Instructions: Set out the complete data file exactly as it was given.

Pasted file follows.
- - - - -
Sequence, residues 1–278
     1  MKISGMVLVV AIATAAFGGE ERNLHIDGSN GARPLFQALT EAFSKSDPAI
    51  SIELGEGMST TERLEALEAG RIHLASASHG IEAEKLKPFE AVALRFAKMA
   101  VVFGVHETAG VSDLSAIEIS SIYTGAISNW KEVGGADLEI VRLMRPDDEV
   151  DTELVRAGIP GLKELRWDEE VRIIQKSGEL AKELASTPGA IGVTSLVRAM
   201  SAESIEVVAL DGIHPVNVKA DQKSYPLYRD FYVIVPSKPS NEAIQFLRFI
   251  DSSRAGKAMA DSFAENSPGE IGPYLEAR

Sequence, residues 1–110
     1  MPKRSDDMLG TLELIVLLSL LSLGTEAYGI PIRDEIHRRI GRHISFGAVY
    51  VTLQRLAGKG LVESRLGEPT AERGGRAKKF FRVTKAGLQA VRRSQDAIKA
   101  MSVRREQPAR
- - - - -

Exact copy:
Sequence, residues 1–278
     1  MKISGMVLVV AIATAAFGGE ERNLHIDGSN GARPLFQALT EAFSKSDPAI
    51  SIELGEGMST TERLEALEAG RIHLASASHG IEAEKLKPFE AVALRFAKMA
   101  VVFGVHETAG VSDLSAIEIS SIYTGAISNW KEVGGADLEI VRLMRPDDEV
   151  DTELVRAGIP GLKELRWDEE VRIIQKSGEL AKELASTPGA IGVTSLVRAM
   201  SAESIEVVAL DGIHPVNVKA DQKSYPLYRD FYVIVPSKPS NEAIQFLRFI
   251  DSSRAGKAMA DSFAENSPGE IGPYLEAR

Sequence, residues 1–110
     1  MPKRSDDMLG TLELIVLLSL LSLGTEAYGI PIRDEIHRRI GRHISFGAVY
    51  VTLQRLAGKG LVESRLGEPT AERGGRAKKF FRVTKAGLQA VRRSQDAIKA
   101  MSVRREQPAR